Saturday, 28 November 2015

It's a very clear night

... with very little turbulence in the air. Where I live there is a little car park too small to have a light in the middle, but just big enough so you can stand in the middle and, at some angles, look up without any bright lights right in your view. The Pleiades and the nebula in Orion are really striking, even with the naked eye.

Also tonight I got the sharpest tango kick on the buttocks I have had for some time. It didn't hurt, but it was quite an unexpected punctuation in a nice tanda. Boink!

Sunday, 8 November 2015

Review: Tango Negro - Film Africa Festival 2015

Dom Pedro, director of "Tango Negro - les racines
africaines du Tango"
Warning: this contains lots of spoilers. It's a documentary, it was only a single showing at the Royal African Society's annual film festival, and the chances that you'll get to see it are limited, so I think you might like to know what's in it. If you feel otherwise, stop when you get to the spoilers mark.

"Tango Negro" is directed and written by Angolan director Dom Pedro, who explained in the Q&A session that he was inspired to make this documentary by a football match in the 1990 World Cup between Argentina and Cameroon. Watching this match on TV in Paris, he asked himself why, given the football teams from Uruguay and Brazil, there were no black players for Argentina or Chile. A look at any globe tells you that this is a rather good question, by which I mean a question the answer to which is not obvious and might be very interesting. He decided to explore this question by means of music history.

The main presenter is Juan Carlos Cáceres. It was nice to hear from him, as he is responsible for this danceable tango nuevo track and for Tango Negro which gives its title to this film. We see him playing and interacting with other musicians and musicologists, black and white, in Argentina, Paris, and Uruguay. We also hear contributions from other musicians, an excellent drum band (pictured), instrument makers, cultural and family historians, cultural influencers, and so on. I'm sorry that I can't give you the names of the contributors, as they were only identified very briefly, and the film's website doesn't list them at all.

Excellent drumming band.
This is not, however, a film even mainly about music or dance. In fact, it is a mixture of musical interludes and a fascinating ramble through current cultural events and the social, political and demographic history of Argentina. I would be very interested to see a film about the music and dances of western Africa and their relationships with tango. This is an interesting film, but it's not that one.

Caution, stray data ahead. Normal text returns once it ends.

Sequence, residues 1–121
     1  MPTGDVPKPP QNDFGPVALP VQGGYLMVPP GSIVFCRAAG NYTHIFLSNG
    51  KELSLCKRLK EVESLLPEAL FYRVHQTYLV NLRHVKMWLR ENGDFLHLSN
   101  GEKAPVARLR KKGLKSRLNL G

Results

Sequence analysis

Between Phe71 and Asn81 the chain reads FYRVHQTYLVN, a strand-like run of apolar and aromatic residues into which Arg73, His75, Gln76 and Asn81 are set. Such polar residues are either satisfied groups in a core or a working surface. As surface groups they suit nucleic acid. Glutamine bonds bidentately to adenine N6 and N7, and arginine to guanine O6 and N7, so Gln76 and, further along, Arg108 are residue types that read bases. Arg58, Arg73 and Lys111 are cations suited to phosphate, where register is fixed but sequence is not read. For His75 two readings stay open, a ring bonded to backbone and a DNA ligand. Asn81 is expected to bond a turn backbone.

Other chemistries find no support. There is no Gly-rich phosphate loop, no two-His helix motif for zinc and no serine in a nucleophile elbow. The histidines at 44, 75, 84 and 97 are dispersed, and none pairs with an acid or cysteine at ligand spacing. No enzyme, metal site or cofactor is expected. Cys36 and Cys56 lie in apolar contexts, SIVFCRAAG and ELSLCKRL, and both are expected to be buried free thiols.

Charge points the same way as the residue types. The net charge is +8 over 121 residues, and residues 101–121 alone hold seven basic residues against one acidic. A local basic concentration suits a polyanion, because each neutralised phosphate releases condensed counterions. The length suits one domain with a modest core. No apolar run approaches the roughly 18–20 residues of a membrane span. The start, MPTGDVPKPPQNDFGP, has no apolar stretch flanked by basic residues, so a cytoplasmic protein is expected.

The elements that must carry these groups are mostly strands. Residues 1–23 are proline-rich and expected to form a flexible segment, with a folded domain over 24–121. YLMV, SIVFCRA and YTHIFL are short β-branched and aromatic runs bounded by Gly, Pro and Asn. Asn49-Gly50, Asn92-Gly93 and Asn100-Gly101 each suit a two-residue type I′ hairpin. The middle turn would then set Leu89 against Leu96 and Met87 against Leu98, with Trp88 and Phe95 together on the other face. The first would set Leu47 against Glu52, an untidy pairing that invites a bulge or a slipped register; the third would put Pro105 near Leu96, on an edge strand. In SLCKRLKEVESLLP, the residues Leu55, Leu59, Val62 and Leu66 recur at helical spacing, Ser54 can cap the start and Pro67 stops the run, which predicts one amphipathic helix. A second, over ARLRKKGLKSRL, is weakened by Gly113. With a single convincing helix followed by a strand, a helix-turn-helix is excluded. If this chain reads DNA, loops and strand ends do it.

-- Spoilers from here on. --

As a whole, the core argument is: there is a common belief among Argentinians and others that Argentina "is a white country" (as evidenced by the lived experience of actual fifth-generation black Argentinians being constantly asked if they are from Uruguay), which is in a sense mistaken, but is explained by history. A secondary argument, presented as evidence for the first, is that tango music could not have happened, and cannot be properly understood, without the African people of Argentina and Uruguay, their music, and the music and dance of the Congo region of West Africa.

The relevant history includes the active white-supremacist policies (my description, not the film's) of 19th and 20th century governments, which seem to have taken effect in three ways: a 19th century war that was pursued in such a way as to kill a disproportionate number of black men; an immigration project of mindboggling scale; and social incentives for the assimilation by marriage of the remaining black population of both sexes into white families over two centuries. The impression that I took away from the film was that these three processes reduced the visible African-ness of the population over about 150 years from perhaps sixty percent, or even more, to a level almost invisible to the eye in urban areas, while it remained clearly audible, along with other influences, in the popular music.